Ypsilanti and colleagues concluded that self-disgust may represent an affective mechanism through which loneliness progresses to the development of depressive symptoms. They further suggested that emotion regulation strategies may be a potential intervention target for supporting students experiencing depressive symptoms.
Strengths and limitations
This study used a clear step-wise theoretical framework in investigating the role of self-disgust and emotion regulation strategies in the relationship between loneliness and depression. This approach provided insight into the inter-relationship between the subjective psychological states of lonely people, and potential windows of intervention to prevent or slow down the transition into depression.
Some limitations of the study include:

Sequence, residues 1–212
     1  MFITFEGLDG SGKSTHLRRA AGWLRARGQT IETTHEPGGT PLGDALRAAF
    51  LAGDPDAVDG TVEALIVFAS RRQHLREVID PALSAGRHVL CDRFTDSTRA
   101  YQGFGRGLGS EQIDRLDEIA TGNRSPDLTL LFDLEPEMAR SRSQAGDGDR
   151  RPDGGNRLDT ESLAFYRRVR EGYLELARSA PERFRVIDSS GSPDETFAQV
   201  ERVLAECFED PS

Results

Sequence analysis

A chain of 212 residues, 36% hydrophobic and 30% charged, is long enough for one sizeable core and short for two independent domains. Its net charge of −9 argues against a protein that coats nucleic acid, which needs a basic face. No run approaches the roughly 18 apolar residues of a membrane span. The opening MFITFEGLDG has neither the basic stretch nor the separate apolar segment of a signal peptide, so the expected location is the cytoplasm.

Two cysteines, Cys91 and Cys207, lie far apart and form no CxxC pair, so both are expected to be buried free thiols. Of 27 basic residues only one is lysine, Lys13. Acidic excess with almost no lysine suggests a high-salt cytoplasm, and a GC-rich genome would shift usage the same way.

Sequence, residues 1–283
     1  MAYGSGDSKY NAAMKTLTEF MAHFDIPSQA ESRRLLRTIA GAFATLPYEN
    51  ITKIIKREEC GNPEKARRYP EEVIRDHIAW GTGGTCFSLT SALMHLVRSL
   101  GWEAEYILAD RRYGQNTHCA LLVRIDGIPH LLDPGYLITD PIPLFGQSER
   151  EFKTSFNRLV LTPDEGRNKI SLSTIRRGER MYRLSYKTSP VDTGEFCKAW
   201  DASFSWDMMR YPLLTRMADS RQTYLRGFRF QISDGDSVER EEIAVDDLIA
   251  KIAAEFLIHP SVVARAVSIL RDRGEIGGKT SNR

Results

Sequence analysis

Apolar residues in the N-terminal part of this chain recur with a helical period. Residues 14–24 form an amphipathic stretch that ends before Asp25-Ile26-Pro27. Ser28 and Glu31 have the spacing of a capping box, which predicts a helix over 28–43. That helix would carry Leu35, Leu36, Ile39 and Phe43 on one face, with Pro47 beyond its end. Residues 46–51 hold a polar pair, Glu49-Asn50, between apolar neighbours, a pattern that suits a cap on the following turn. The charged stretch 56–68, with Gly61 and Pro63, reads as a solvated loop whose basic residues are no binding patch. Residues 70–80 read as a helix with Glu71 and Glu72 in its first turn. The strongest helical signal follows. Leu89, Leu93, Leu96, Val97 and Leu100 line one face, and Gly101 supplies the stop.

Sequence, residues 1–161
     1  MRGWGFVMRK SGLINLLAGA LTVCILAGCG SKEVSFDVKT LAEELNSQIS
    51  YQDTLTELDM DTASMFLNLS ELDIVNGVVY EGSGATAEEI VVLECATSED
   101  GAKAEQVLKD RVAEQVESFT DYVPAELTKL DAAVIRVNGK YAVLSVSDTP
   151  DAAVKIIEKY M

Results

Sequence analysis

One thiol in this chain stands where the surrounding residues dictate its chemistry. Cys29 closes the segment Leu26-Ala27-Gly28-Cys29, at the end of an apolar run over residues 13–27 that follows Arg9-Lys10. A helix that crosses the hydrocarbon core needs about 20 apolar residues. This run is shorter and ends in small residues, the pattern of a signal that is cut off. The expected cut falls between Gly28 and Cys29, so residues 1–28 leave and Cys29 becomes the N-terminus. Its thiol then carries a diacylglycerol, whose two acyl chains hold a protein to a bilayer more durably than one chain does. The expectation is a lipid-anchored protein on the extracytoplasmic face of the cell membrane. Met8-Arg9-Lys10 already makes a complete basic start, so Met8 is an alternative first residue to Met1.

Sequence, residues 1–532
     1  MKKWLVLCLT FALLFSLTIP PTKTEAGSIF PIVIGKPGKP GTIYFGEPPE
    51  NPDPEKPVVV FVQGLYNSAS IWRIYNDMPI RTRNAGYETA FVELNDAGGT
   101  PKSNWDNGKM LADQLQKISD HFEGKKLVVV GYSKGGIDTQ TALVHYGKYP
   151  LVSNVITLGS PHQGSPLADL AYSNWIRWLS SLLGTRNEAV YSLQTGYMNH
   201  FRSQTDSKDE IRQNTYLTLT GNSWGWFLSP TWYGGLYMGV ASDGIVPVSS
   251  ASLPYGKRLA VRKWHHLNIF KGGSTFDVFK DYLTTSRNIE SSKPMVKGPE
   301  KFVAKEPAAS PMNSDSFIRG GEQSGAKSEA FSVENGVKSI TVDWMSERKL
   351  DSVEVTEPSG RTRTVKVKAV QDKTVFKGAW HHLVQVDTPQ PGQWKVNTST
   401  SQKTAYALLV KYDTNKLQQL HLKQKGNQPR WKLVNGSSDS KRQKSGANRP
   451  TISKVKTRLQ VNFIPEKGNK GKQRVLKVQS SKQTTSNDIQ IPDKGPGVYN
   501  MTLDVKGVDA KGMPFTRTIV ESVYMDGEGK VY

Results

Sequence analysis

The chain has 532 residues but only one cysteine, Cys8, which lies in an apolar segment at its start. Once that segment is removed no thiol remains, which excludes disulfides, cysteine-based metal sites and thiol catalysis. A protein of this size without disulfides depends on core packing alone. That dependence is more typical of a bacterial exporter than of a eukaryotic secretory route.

- The ability to infer causality was limited by the cross-sectional design;
- Some key elements of the study are not clearly presented, which undermines the validity and generalisability of the findings;
- Gender was reported to be significantly positively correlated with depressive symptoms and physical self-disgust, and negatively correlated with both expressive suppression and cognitive reappraisal (Table 2 in the paper). This was unaddressed in the interpretation of the findings. The use of bootstrapping, or repeated sampling, of a biased sample would not make the sample more representative of the true population.
- No explanation was explored for how expressive suppression selectively associated with physical but not behavioural self-disgust.